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Transcript of doorstop, Australian Defence Force Academy, Canberra



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PRIME MINISTER

TRANSCRIPT OF DOORSTOP, AUSTRALIAN DEFENCE FORCE ACADEMY, CANBERRA - 2 SEPTEMBER 1991

E & Ο E - PROOF ONLY

JOURNALIST: Does a national service training scheme have merit?

PM: I wasn't convinced by the proposition but if the RSL wants to send us a submission on it we'd, of course, do them the courtesy of looking at it.

JOURNALIST: Will there be a showdown in Caucus tomorrow over Medicare ...

PM: I wouldn't have thought so, no.

JOURNALIST: How are you going to convince people in your own Party and the doctors that it is a viable proposition?

PM: Time and the merit of the argument.

JOURNALIST: Has Simon Crean got enough runs on the board, do you think, to run if at any stage you should decide to retire?

PM: I don't want to go to what is now, I think, something like a reportedly three month old conversation. But the Labor Party does have the great advantage that when some considerable time down the track I do retire, it's got a considerable reservoir of talent upon which to draw.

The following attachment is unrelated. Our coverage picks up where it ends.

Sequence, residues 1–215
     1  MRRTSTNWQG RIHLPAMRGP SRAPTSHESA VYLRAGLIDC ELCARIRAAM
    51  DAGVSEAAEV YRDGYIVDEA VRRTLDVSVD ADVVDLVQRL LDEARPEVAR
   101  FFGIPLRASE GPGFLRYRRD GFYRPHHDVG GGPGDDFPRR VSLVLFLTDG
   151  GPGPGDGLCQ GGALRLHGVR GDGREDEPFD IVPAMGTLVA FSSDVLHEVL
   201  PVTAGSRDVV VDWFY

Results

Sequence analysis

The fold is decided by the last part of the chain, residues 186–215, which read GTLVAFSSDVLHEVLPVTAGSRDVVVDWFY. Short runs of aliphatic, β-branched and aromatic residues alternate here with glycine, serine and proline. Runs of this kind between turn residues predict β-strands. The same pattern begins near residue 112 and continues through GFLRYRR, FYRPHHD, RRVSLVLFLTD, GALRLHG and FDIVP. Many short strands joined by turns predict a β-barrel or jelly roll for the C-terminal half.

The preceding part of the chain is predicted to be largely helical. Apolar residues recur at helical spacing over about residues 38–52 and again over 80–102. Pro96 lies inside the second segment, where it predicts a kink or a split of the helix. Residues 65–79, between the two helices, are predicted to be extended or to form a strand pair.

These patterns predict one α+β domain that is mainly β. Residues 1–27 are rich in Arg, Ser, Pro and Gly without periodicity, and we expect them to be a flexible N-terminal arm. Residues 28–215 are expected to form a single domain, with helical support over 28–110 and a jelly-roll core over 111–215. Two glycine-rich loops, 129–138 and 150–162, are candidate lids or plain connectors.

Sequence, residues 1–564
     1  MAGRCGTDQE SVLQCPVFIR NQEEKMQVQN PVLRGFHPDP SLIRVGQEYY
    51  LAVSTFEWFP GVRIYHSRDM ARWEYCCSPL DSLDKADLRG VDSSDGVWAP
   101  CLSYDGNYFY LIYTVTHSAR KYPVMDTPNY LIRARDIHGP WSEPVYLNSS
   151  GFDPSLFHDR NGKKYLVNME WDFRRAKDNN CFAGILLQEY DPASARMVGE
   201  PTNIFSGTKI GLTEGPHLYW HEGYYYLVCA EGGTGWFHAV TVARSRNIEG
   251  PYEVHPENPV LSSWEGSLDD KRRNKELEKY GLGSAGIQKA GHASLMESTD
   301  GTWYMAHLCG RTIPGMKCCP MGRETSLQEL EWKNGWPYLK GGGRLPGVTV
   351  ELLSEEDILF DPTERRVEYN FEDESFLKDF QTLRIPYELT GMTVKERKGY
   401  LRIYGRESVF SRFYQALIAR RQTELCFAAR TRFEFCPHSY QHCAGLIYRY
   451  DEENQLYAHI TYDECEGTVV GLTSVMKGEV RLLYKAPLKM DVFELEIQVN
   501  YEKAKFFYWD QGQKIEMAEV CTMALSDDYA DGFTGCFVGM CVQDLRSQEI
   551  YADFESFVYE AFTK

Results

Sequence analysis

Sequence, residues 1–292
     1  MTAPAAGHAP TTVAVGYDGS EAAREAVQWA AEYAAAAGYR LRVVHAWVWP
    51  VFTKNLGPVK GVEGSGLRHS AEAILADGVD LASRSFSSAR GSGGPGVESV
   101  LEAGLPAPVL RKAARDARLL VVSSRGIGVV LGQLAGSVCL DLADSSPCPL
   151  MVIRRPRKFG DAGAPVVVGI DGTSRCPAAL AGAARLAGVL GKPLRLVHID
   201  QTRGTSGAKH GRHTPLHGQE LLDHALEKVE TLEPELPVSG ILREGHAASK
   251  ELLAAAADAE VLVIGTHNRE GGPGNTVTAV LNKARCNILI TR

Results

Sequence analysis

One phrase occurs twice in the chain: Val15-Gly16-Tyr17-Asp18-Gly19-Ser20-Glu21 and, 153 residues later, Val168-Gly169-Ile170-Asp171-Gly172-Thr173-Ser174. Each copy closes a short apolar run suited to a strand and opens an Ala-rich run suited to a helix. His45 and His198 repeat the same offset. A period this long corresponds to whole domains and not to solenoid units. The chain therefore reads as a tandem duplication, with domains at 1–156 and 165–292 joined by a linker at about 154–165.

JOURNALIST: How will Australia be helping Papua New Guinea with security, Prime Minister?

PM: Well we have made it clear over a period of time that we are prepared to help them. What we started last year was a discussion process in which they were to look at the way in which the totality of the money which is spent on defence

and security may best be prioritised, if I can put it that way, in terms of internal law and order considerations. They have been working on that and they've come to the conclusion that that's where the priorities should be. They

are going to, in what we've recognised in the agreement that we signed together today, was that they would now draw up a specific and integrated plan of action which will embrace a number of proposals and once they've done that, we will then

look with them at the way in which we, in our payments, can assist them to give effect to that integrated plan of action.

• / >

Λ 2

JOURNALIST: Why did we reject: the idea of a formal treaty?

PM: It wasn't necessary and in the end they didn't think it was either.

JOURNALIST: Were you worried about Indonesian reaction at all?

PM: No.

JOURNALIST: Prime Minister, can I just ask why it is, you believe, Senator Ray thought it necessary to canvas the question of Mr Crean?

PM: I don't know. You would have to ask him. I wasn't party to the conversation.

ends